Give Inanimate Things A Sense Of Life
"If only that chair could talk. It has been there in the classroom, silently suffering for so many years. Students have carved tortured scars into the chair's surface, sweated in its arms, and stained its seat. The one leg is bent from too much abuse. Etc, etc."

You start to pity the chair, because the writer has endowed it with life.

"The trees were twisted and gnarled. Crippled tangled things that refused to surrender the land. Bitterly they clung to the dank earth with roots like thick bony fingers, and they shouldered together against the intruder. The little house, more a hut than a house, struggled to make good its claim on the tiny strip of land it occupied. Its cracked and dusty windows, broken and paint-peeled exterior, and sagging sad frame were signs it was losing the struggle, as the angry trees crowded tightly about threatening to choke the hut out of existence."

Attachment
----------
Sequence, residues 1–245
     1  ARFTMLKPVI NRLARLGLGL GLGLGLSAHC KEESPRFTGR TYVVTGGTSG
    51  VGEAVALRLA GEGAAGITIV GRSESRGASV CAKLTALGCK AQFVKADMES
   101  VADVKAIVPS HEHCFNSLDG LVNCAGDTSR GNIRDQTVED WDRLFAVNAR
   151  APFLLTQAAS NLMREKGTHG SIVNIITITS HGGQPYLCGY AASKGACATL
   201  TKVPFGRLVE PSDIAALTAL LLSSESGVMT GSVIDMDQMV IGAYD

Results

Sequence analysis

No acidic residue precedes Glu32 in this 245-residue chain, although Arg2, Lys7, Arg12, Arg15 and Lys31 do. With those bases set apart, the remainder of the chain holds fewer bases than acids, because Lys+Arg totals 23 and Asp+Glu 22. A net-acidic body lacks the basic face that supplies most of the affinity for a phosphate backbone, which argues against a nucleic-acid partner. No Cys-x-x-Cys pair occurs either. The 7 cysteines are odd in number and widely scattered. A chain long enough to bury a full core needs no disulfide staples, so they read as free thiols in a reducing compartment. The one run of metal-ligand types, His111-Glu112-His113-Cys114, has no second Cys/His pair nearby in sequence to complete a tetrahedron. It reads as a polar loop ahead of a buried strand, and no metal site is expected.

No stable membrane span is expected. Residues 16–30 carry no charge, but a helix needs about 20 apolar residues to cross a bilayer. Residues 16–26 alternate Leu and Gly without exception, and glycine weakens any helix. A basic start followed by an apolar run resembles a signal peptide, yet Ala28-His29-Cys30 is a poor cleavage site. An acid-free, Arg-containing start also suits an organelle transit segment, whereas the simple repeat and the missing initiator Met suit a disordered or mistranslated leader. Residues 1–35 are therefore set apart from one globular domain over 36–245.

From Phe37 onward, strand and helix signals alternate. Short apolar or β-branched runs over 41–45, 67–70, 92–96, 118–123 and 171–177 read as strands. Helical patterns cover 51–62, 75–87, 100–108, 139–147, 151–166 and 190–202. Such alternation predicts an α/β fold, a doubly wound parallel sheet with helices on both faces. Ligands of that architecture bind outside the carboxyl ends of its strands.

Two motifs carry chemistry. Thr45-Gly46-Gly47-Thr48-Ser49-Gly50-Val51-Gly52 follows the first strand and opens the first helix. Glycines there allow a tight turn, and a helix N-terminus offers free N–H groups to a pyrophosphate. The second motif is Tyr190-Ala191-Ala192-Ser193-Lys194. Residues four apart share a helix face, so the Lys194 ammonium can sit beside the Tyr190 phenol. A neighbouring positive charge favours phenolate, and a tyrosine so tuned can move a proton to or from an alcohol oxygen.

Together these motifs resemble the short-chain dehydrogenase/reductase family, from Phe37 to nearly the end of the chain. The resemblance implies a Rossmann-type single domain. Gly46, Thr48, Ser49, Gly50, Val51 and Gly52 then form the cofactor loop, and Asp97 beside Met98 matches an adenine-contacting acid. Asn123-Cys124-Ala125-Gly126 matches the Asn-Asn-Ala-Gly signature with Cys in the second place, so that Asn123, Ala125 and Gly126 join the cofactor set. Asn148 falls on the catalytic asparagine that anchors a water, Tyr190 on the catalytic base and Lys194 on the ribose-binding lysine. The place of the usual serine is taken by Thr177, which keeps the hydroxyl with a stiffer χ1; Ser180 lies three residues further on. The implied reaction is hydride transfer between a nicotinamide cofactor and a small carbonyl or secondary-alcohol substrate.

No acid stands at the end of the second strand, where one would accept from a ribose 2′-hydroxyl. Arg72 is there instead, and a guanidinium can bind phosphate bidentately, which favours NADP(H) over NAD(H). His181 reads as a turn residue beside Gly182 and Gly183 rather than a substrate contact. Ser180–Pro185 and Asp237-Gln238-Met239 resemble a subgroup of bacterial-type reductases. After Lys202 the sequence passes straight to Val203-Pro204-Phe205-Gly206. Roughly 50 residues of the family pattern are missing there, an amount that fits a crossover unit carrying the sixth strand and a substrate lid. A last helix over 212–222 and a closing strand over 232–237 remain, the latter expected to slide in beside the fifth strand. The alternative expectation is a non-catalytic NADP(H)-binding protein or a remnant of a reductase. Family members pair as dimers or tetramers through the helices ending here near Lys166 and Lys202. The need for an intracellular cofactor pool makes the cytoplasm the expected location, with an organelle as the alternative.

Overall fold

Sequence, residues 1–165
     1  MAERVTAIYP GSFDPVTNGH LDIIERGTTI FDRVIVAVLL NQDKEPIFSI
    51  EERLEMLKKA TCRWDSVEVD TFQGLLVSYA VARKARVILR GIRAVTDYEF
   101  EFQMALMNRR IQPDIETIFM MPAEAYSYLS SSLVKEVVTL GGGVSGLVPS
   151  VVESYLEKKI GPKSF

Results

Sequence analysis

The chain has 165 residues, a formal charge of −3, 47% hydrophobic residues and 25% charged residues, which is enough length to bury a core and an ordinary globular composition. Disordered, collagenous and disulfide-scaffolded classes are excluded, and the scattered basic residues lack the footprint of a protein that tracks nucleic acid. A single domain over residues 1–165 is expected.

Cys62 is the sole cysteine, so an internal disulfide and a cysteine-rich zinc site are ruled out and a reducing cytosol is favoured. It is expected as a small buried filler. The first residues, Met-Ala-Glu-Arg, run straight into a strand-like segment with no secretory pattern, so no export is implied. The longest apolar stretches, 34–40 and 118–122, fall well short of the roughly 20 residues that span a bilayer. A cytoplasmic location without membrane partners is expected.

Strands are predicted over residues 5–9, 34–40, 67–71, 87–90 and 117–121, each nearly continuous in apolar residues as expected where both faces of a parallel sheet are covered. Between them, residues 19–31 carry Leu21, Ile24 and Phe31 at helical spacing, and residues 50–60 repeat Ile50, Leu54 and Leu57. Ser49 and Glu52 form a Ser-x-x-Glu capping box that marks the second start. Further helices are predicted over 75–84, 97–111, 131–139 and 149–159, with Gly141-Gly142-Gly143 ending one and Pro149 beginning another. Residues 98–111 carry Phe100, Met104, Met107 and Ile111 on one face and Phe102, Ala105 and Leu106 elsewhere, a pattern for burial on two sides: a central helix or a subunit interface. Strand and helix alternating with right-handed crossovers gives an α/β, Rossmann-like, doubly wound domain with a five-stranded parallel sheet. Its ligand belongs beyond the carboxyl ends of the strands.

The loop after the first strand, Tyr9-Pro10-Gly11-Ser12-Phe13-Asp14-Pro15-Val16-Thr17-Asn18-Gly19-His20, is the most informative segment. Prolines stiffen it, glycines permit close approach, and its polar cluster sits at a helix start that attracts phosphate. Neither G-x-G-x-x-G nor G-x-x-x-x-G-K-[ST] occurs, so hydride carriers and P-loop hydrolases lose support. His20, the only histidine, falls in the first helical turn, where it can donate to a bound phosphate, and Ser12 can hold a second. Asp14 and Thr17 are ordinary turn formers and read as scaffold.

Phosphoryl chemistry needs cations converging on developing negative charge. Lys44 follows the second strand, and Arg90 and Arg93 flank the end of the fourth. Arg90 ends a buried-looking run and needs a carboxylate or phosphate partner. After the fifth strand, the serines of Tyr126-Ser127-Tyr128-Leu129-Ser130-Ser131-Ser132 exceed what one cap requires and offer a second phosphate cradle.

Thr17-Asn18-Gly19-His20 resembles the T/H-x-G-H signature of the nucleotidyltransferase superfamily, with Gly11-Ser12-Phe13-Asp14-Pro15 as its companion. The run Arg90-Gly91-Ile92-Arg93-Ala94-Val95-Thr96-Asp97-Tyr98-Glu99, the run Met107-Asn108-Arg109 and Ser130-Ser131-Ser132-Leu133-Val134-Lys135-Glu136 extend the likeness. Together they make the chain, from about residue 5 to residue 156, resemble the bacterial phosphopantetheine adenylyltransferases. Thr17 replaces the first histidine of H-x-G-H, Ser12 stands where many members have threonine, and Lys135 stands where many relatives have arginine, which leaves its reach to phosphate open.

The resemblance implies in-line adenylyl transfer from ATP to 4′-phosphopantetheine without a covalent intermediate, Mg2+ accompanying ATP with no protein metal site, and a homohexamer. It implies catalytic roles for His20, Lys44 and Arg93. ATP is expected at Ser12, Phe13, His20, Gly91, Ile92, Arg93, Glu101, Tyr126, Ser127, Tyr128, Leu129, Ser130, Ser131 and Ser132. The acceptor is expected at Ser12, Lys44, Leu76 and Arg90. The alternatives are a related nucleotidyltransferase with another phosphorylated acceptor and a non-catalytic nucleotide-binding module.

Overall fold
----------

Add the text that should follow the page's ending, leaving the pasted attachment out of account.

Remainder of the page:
You can feel this life and death struggle because again the author gave the elements a sense of being alive.

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